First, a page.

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Ohio farmers get big response after putting their pulling tractor to work

By Joel Penhorwood, Ohio Ag Net

It’s hard to go to a tractor pull and see those souped-up machines barreling down the track without thinking “what could those actually do on the farm?” The Metzger family of Shelby, Ohio recently had fun trying that out with their pulling tractor ‘Alcoholic Harvester.’ You may have seen it yourself as the video posted by Jim Metzger of the super-class tractor pulling a grain cart through a field currently holds well over two million views since it was posted about three weeks ago.

“It’s actually my brother’s tractor and he’s the one driving it,” said Jim Metzger. “We pull the tractor all over the state of Ohio and for the sixth out of seventh year that happens to be the number one tractor again in the state of Ohio in the alcohol super class. We run at Bowling Green, a few NTPA hooks, but mostly OSTPA hooks.… Continue reading

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Turkey prices reach 10-year low

Consumers heading to grocery stores this Thanksgiving will find many reasons to give thanks. Jayson Lusk, distinguished professor and department head of Purdue’s Department of Agricultural Economics, said estimated turkey prices will ring in at a 10-year low around $1.45 per pound. The price of Thanksgiving staples will be on par with, if not lower than, the past several years.

“Agricultural commodity prices, like for corn and soybeans, have been low for some time and have remained low,” Lusk said. “These are the ingredients for a lot of food and are also used to make feed for animals, so that’s one of the drivers.”

Low energy costs over the past few years also add to the affordability of food. Good news for the consumer, however, spells bad news for many farmers. Lusk describes the national agricultural economy as fairly depressed, especially compared with five years ago. Certain sectors, like pork, beef and poultry, benefit from low feed prices and continue to prosper whereas other industries, like dairy, are feeling the strain of an oversaturated market and low prices.… Continue reading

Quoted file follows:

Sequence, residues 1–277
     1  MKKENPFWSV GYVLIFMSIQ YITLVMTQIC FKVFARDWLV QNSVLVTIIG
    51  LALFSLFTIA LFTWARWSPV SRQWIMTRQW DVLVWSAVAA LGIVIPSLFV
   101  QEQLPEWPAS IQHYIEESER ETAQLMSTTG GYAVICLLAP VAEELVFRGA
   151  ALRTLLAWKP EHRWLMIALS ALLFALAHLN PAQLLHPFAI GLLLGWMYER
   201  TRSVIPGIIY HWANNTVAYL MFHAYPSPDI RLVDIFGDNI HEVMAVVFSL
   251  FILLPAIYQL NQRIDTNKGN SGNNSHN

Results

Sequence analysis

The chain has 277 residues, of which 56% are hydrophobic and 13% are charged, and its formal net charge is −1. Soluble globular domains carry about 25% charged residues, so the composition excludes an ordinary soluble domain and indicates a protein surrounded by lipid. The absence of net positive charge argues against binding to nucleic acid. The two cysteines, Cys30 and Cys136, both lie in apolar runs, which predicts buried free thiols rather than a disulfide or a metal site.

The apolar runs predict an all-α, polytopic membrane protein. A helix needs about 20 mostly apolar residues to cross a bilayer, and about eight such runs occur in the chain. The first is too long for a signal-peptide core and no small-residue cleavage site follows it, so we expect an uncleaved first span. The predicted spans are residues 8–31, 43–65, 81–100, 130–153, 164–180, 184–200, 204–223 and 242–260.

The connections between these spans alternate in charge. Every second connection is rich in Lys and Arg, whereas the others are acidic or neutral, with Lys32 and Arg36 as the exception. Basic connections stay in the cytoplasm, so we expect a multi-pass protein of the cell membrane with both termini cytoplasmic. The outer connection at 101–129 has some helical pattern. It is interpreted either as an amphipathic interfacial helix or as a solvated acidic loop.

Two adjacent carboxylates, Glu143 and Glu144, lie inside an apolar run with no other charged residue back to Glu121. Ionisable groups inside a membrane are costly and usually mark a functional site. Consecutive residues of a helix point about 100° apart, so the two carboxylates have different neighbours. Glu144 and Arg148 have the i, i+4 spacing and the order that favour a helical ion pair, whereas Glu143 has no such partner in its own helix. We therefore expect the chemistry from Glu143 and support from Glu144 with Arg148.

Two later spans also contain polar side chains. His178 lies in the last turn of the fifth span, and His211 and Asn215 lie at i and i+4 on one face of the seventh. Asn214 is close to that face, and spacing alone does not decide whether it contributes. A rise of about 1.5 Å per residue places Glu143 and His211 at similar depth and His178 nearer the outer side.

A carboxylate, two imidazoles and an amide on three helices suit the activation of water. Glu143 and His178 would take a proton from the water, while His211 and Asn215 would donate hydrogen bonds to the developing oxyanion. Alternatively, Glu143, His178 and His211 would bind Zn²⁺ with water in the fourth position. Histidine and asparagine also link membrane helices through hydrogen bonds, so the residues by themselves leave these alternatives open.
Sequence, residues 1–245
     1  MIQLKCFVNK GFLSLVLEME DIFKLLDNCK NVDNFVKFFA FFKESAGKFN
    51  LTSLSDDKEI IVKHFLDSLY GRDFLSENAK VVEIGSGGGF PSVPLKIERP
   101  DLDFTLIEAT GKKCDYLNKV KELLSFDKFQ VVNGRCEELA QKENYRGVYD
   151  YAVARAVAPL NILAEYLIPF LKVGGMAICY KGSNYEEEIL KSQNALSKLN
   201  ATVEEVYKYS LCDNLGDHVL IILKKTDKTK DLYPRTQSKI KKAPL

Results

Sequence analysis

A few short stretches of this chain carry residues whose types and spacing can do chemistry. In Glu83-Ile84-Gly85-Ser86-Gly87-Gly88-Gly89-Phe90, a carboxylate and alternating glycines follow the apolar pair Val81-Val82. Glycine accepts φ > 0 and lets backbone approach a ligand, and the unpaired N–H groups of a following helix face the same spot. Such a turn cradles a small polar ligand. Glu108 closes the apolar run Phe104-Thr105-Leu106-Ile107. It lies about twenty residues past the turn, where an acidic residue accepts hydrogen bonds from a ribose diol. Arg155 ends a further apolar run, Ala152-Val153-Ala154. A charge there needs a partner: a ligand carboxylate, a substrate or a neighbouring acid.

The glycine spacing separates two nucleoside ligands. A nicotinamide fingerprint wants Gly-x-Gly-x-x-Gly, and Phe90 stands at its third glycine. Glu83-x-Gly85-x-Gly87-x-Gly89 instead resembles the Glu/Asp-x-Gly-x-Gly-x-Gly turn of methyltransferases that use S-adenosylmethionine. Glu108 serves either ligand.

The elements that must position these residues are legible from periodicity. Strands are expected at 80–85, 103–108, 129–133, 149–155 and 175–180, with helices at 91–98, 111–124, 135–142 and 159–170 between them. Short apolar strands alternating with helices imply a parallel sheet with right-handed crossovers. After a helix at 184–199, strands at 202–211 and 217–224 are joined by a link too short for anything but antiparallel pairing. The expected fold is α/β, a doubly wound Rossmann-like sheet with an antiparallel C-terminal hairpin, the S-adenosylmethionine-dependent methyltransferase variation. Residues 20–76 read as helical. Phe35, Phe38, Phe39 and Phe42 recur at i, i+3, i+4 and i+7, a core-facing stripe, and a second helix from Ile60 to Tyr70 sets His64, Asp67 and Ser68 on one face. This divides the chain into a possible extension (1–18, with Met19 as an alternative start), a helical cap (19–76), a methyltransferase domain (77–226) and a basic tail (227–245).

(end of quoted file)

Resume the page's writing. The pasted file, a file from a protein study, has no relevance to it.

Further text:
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Reflections on the U.S. 2018 midterm elections, trade and the farm bill

By Jonathan Coppess, Nick Paulson, Gary Schnitkey with the University of Illinois Department of Agricultural and Consumer Economics and Carl Zulauf, Department of Agricultural, Environmental and Development Economics

This article is composed of 4 short reflections on the 2018 U.S. midterm elections and their potential impact on U.S. farm economics and policy.

 

Carl Zulauf

A well-functioning democracy facilitates mini-revolutions via the ballot box by voters who feel overlooked or disaffected, thus minimizing the likelihood of large, pent-up revolutions. President Trump’s election in 2016 was a mini-revolution by voters, mostly in rural and industrial areas, who had experienced little economic progress or felt negatively impacted by economic, particularly trade, policy.

Results of the 2018 midterm elections will unlikely reverse the 2016 mini-revolution. Democrats won control of the House of Representatives and thus can use oversight hearings and investigations to slow the mini-revolution, but Republicans increased their control of the Senate.… Continue reading

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The search for what is killing the beech trees

American beech trees are dying in northeast Ohio and beyond. An Ohio State University study aims to figure out why.

The study is looking into the cause of beech leaf disease, which was first found in Lake County in 2012 and has since spread to nine other counties in Ohio, eight in Pennsylvania, one in New York and five in Ontario.

Young trees seem to be particularly susceptible to the disease, which initially causes dark stripes to appear on leaves, then deforms the leaves. Eventually the disease can kill the trees.

“There’s no similar forest tree disease that we are aware of anywhere,” said Enrico Bonello, a professor of plant pathology in Ohio State’s College of Food, Agricultural, and Environmental Sciences (CFAES), who oversees the study. “It’s really a black box.”

Working under Bonello’s supervision, doctoral graduate student Carrie Ewing is comparing the genes of microorganisms present in leaves that have symptoms of beech tree disease and those that do not, hoping to identify the microorganisms that are uniquely associated with beech leaf disease.… Continue reading

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Landowner’s evidence not determinative in CAUV tax appeal according to Ohio Supreme Court

By Evin Bachelor, Law Fellow, Agricultural and Resource Law Program, Ohio State University

A landowner may present evidence regarding the value and acreage of his or her land, but the Board of Tax Appeals (BTA) is free to weigh that evidence as it wishes, according to the Ohio Supreme Court. All seven justices agreed that the BTA in the case of Johnson v. Clark County Board of Revision acted with appropriate discretion, although two justices did not sign onto the reasoning as to why the BTA acted appropriately. The case involved a property owner’s challenge of the Clark County Auditor’s determination of Current Agricultural Use Valuation (CAUV) for property tax purposes.

Continue reading for more information about what CAUV is, how CAUV determinations and tax assessments can be appealed, what happened in the Johnson v. Clark County Board of Revision case, and the main takeaways from the Supreme Court’s decision.

 

What is CAUV?… Continue reading